2013's Most Popular Names Are In, So We Know Everyone's Into Soft Syllables And 'Game Of Thrones'

Ah, baby season — a time filled with adorable cheeks, less-adorable diapers, and the age-old dilemma: what to name the little munchkin. This year's list of top 2013 baby names has just been released by the Social Security Administration, and there is a new winner amongst baby boy monikers. For the first time since 1960, we've moved away from Michael and Noah as the most popular male names, and have instead opted for Noah, just in time for Russell Crowe's movie!

Just kidding — this list is for 2013, and the Darren Aronofsky film was only released a couple months ago. But baby names certainly do have their roots in pop culture and in current events.

Sophia remained the most popular girl name for the third year in a row, and was joined by Emma and Olivia for the top three spots. Interestingly enough, the top six girl names end in an 'a', suggesting a trend towards softer, feminine-sounding names. This trend doesn't only apply to girls: The top two boys names, Noah and Liam, lack many of the harsher consonant sounds that have previously characterized popular male names. Without any sharp sounds, Noah and Liam are both very mellow-sounding names.

Laura Wattenberg, creator of Babynamewizard.com, commented on this new trend: "You compare Jacob with all its hard, punchy consonants, versus Noah and Liam, you can really see where style is heading." Others agree with Wattenberg's analysis of the new pattern, with Bruce Lansky, who has authored several books on baby names, telling USA Today:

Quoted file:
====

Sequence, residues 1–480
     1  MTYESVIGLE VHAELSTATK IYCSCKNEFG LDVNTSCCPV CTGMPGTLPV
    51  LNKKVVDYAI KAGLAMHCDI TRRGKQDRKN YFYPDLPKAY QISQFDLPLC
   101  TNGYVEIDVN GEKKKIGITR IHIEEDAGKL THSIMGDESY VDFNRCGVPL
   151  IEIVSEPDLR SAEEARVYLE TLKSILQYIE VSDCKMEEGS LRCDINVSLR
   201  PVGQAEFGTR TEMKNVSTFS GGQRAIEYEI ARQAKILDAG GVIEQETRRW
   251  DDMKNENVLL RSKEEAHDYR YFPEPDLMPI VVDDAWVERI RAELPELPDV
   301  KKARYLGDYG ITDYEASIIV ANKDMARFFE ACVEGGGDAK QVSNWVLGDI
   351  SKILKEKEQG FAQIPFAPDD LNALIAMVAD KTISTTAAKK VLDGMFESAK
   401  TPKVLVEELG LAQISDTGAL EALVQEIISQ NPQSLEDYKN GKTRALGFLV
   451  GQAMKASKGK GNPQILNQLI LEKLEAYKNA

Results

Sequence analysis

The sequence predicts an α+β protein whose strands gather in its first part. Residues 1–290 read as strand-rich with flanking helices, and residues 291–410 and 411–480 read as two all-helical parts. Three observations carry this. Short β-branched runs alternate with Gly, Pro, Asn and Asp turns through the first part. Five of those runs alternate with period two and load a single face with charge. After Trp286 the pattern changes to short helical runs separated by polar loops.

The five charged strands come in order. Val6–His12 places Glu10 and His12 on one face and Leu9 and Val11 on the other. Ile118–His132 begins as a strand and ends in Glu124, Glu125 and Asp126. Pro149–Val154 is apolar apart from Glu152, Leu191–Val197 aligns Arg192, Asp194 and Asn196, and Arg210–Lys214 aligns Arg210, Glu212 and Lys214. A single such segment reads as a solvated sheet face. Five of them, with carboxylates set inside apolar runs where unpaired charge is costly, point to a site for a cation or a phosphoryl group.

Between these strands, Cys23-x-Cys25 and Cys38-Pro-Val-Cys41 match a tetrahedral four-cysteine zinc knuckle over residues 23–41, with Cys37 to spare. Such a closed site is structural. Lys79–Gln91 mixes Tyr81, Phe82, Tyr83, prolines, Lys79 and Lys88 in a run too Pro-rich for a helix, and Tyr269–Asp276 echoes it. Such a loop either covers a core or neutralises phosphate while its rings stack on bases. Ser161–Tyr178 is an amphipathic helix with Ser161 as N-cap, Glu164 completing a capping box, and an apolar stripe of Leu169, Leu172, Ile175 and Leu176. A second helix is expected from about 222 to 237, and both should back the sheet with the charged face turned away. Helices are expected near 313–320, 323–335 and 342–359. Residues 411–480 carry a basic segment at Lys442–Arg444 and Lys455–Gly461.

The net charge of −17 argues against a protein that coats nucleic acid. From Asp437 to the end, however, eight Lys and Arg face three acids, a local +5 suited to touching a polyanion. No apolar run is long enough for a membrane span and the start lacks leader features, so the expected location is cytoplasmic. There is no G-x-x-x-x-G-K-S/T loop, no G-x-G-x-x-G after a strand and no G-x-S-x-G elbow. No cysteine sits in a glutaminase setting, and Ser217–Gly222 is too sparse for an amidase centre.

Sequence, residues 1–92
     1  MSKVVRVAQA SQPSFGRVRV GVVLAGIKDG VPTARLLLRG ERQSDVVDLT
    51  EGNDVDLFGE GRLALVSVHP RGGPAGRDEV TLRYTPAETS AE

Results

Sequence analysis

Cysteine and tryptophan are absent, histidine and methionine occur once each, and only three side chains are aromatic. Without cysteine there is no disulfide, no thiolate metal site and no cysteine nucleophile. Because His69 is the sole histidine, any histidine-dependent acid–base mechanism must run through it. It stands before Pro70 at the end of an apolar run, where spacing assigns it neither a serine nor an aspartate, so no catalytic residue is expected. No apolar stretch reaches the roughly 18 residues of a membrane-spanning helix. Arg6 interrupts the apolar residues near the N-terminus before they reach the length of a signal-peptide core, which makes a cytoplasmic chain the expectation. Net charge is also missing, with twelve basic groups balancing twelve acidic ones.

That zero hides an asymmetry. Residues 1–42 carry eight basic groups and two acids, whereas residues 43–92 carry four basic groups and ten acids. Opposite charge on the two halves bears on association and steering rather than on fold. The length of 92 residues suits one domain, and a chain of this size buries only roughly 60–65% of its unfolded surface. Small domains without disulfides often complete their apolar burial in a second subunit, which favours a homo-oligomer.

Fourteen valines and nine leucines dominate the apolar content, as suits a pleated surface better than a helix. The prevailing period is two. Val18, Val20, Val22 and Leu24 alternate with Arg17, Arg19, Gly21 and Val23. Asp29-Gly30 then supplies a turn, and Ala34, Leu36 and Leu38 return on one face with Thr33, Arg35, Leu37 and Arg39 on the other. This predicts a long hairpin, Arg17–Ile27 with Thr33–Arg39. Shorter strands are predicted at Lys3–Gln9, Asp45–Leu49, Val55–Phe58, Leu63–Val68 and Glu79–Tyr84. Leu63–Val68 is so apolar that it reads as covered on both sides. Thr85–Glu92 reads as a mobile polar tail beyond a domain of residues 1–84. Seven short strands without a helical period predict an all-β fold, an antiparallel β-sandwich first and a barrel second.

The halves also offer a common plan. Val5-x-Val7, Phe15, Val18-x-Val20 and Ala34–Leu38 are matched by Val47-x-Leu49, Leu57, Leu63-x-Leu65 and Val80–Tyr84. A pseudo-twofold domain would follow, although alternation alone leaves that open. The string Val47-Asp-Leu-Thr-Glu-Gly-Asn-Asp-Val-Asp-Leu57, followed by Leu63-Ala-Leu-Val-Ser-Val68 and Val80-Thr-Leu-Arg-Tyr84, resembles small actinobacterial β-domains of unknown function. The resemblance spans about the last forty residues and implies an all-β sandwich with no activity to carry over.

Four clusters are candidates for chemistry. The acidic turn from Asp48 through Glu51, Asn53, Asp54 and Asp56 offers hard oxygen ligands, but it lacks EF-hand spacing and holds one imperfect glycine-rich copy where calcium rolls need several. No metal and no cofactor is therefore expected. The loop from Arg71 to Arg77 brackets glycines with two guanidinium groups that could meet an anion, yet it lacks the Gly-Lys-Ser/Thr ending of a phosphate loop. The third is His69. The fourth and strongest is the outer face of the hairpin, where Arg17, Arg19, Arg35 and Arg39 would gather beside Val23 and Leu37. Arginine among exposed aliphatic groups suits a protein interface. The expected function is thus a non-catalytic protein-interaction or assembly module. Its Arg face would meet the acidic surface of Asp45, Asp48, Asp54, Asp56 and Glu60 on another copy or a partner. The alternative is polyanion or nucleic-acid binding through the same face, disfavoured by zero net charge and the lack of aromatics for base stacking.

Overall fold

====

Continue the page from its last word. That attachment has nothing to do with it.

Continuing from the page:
Parents are choosing softer names because the image of what they want in a son is a kinder, gentler, more considerate and more empathetic son. They're thinking soft and sensitive rather than hard and hyper-masculine.

Noah's popularity is particularly interesting because of its seemingly biblical influence — there are few pop-culture references to the name, while many other names, including Liam, can be seen as a reflection of popular people, characters, or even events. For example, the name Arya, which came to popularity thanks to HBO's Game of Thrones series, made a meteoric rise in the list of popular names between 2010 and 2012, shooting up more than 500 slots in a mere two years.

This year, Daleyza was the most improved name in terms of popularity among girls. The increased attention given to the name is likely due to the Spanish reality TV series, "Larrymania," whose star, Larry Hernandez, has a daughter named Daleyza. On the boys side, the fastest rising name was Jayceon, the real name of rapper The Game, who aired his reality show in late 2012.

So why is there so little variation within baby names? According to a report by Time, it seems that the most straightforward (and probably most accurate) explanation is simply that people think similarly. Baby names are just like any other trend — for the most part, no one breaks too far from the norm when it comes to fashion or music, and the same can be said of baby names. Additionally, people react similarly to various factors, which may explain why individuals in the same geographic location are more likely to give their children the same names.

Of course, there are always the frustrating parents who subject their children to a lifetime of mispronunciation and confusion when it comes to their names. For example, Gwyneth Paltrow's penchant for naming her progeny after fruit probably shouldn't become a trend that the rest of us follow.

Images: HBO